16 Best Compare and Contrast Topics

One might have imagined, that if any propositions on public affairs deserved the character of maxims of common sense, these did. Views of human affairs more practical and business-like, more in accordance with the received rules of prudence in private life, it would be difficult to find. These doctrines, nevertheless, or at least the possibility of drawing any conclusions from them, have met with questioners. That human beings will commonly prefer their own interests to those of other people, and that the way to secure fidelity to a trust is to make the trustee’s interest coincide with his duty, have been classed among propositions which are either not true, or, if true at all, only in a sense in which they are insignificant and unmeaning. Nor has the assertion been made of these doctrines alone, but of all propositions relating to the motives of human actions. “When we pass,” it has been said, “beyond maxims which it is impossible to deny without a contradiction in terms, and which therefore do not enable us to advance a single step in practical knowledge, it is not possible to lay down a single general rule respecting the motives which influence human actions.” Such was the doctrine maintained in a memorable article in the by a writer, all whose ingenuity and brilliancy would not have made his subsequent fortunes what they have been, but for the grateful acceptance which this doctrine found in influential quarters.

Lions and tigers have different social structures in the wild.

There are so many similarities and differences between Lions and Tigers.

Lions and tigers are closely related members of the cat family.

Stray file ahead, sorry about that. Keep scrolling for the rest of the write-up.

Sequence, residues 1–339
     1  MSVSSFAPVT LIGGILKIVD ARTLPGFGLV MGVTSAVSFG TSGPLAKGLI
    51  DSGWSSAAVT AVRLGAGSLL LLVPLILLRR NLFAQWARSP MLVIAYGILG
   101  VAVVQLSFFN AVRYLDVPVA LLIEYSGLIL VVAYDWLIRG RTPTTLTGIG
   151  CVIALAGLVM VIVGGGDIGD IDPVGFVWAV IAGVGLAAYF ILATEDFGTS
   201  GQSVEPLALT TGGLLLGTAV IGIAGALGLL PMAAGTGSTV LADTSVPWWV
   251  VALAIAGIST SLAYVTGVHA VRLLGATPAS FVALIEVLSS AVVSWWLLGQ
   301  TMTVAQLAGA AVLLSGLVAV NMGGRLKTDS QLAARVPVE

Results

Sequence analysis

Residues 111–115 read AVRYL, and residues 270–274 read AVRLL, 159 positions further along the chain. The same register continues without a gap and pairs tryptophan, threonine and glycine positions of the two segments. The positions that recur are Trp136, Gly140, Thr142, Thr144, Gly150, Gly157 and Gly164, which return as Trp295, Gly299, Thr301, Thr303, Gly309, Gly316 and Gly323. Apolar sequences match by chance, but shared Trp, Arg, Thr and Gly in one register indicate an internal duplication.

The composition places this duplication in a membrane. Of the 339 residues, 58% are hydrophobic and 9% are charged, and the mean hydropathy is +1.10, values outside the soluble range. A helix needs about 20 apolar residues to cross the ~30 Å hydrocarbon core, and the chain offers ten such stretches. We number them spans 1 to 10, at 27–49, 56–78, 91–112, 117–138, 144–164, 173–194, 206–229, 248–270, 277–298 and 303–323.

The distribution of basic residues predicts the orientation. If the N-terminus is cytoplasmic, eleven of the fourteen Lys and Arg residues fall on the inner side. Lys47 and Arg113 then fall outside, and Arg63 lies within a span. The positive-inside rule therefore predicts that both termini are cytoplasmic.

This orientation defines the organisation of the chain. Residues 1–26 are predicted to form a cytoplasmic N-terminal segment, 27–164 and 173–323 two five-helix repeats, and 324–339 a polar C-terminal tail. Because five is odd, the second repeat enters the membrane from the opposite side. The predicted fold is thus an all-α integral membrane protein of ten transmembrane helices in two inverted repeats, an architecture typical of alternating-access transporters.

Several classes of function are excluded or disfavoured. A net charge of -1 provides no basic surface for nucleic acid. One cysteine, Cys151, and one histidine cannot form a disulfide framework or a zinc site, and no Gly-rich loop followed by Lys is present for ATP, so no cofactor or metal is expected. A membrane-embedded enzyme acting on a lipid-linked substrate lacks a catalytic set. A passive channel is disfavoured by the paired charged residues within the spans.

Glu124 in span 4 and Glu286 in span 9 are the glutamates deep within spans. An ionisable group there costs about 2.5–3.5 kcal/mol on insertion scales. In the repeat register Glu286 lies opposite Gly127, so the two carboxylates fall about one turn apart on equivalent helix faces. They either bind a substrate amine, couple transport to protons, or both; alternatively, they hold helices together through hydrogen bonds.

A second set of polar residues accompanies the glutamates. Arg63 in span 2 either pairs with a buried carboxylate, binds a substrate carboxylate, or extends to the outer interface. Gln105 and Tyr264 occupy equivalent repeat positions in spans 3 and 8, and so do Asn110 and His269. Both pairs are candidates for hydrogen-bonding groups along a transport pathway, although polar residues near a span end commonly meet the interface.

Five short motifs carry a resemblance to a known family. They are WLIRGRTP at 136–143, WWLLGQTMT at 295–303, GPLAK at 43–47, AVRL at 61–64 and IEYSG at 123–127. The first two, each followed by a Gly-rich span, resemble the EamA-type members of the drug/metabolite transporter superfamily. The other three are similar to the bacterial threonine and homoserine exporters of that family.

Our author carries the practical application of this doctrine so far, as to propose (though, as he says, with some diffidence) that freedom from other business or professional avocation should be an indispensable qualification for being chosen a member of parliament. There is no doubt that it ought to be a strong recommendation, but we would not exact it by express law. It will occasionally happen, though, under a better system, much less often than at present, that half the time of one competitor is of more value than the whole time of another; and when the electoral body is rightly constituted, we know not why its choice should be fettered. We would not give power by handfuls with one hand, and take it back in spoonfuls with the other. If the people can be trusted at all, it is not in the estimation of these obvious grounds of disqualification that they are likely to be found deficient. In the present state of society, the effect of the provision which our author desires to introduce would, we fear, be seriously mischievous: it would throw the whole business of legislation, and of control over the executive, into the hands of the idlers; excluding from parliament almost the only persons who bring habits of application and capacity for business into it. This objection, no doubt, would not exist, or at least not in the same degree, under the increased responsibility to the people which our author’s argument contemplates.